DDN, for two decades competing at the headwaters of high performance storage, this morning announced an enterprise-oriented end-to-end high performance storage and data management for AI, big data and HPC acceleration. In so doing, the company said it’s bringing to the burgeoning enterprise market for AI some of the transferable capabilities – with an emphasis on small file speed-ups required in AI workloads –that the company has developed for HPC.
Launched here at the ISC High Performance Conference in Frankfurt, EXA5 is the newest version of DDN’s EXAscaler Storage, designed to make the EXAscaler infrastructure easier to consume by offering what the company said are deeper integrations into AI and HPC ecosystems through simpler implementation and scaling models, visibility into workflows and global data management features.
DDN said EXA5 allows for scaling either with flash or with a hybrid approach “offering flexible scaling according to needs with the performance of flash or the economics of HDDs.” EXA5 is compatible with DDN’s AI pre-configured A3I storage appliances, reducing deployment time, the company said. Together they provide benchmarking, documentation and qualification with AI and GPU environments.
“We’re looking to eliminate some of that sprawl going on at the back end,” Kurt Kuckein, DDN director of marketing, told us. “Data lakes and distributed types of architectures with tightly coupled compute and storage are not able to drive the performance needed, and some archived solutions out there are too deep to be accessible. So what we’ve done is deliver exceptional performance while managing the cost profile, whether it’s cost per gigabyte served or cost per gigabyte stored on the back end.”
DDN’s objective, Kuckein said, is coupling best-in-class technologies, “extracting the ultimate value out of emergent architectures. “We hear about organizations frustrated, for example, by high end NVME systems, you put a file system in front of it and the performance would be cut in half.”
EXA5 features and capabilities include:
Strategem is DDN’s integrated policy engine for flash tiering with data management capabilities that DDN said enables users to manage most active data to scale-out flash tiers from scale-out hard disc drive (HDD) tiers. It also controls free space on flash, responding to changing demands and scanning storage devices directly to find target files.
Integration with DDN Insight for real-time analysis providing visibility into software and appliances for monitoring of DDN EXAScaler GRIDScaler, SFA and IME platforms, Insight is designed to “derive the most value from storage infrastructures and sorts running jobs by metadata activity and throughput operations,” the company said. DDN Insight identifies problem jobs, resolves performance issues and it is scalable, allowing for open back-end database and integration with other systems and switches to cope with millions of stats per second, according to DDN.
Gateway – DDN’s NAS type interface allows non-native DDN Lustre users to export file systems through DDN CIFS and NFS gateways, “providing another avenue to get access to high performance data,” the company said, “the supportive and robust solution can scale horizontally as needed to maintain consistency and lock semantics with Linux/Unix and Windows systems.
Small File Acceleration – Complementary to DDN’s granular metadata scaling capabilities, EXA5 has been built to improve scaling across EXAScaler servers, allowing efficient application of flash to small files while expanding the domain of file sizes from a few KB to multiple MB, according to DDN.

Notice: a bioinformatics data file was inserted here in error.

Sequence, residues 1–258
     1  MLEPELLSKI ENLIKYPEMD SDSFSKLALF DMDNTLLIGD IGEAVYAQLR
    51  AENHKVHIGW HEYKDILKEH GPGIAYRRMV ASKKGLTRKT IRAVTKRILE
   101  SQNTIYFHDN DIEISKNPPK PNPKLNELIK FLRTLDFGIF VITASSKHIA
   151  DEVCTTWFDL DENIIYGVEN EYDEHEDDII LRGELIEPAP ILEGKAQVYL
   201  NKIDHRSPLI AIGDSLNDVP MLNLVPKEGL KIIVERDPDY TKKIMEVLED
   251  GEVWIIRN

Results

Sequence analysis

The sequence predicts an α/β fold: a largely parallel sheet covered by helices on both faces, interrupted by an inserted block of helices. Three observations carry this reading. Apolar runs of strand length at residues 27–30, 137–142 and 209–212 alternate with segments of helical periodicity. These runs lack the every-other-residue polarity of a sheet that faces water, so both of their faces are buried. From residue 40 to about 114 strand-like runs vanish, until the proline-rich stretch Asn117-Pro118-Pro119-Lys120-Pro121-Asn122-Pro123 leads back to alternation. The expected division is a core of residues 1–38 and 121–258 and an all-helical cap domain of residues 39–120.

Kuckein said DDN’s small file performance is central to DDN’s efforts to enabling enterprise AI adoption.
“We’ve focused on small file performance mainly because historically its’s been something HPC applications did not drive as much as needed,” he said. “Typically, you loaded in really big files for streaming bandwidth-intensive operation, and truth be told, the HPC community is going to benefit as HPC workloads become more small file driven. Particularly the AI workloads will be mixed-type, with unstructured data, this is driving demand for better performance on small I/O operations. So we’ve done a lot of work on metadata and allowing for more efficiency out of flash-based systems. We’ve added additional flexibility and tune-ability to these, so no matter what the file size is, they all benefit from these accelerations.”
Data Protection – To guard against data corruption, EXA5 includes T10PI/DIX on an end-to-end basis, DDN said. With fully transparent applications, users are supported by EXAScaler through drives, resulting in minimal performance impact, according to the company.
EXA5 takes a key tenant-based approach to application life cycle production sets, “all the way from the application user space to the commit on the disc itself, so there’s a verification with each step that’s fully transparent to applications,” Kuckein said.
“It provides the ability to audit access,” Kuckein said, “…to track who’s accessing files, when, what they’ve changed, if things are being tested in terms of denied access, all of that is logged and securely recorded in a lock-down log that can then be accessed for later auditing. We’ve been working on the depth of information that we provide in EXAScaler, going all the way to the users’ activity, and that allows us to diagnose misbehaving users who might be sucking up all the performance on a system, or to help us help customers tune their applications for I/O performance. So it allows us to granularly go from the disc drive itself, whether it’s flash or spinning media, to the end user application to determine what’s going on.”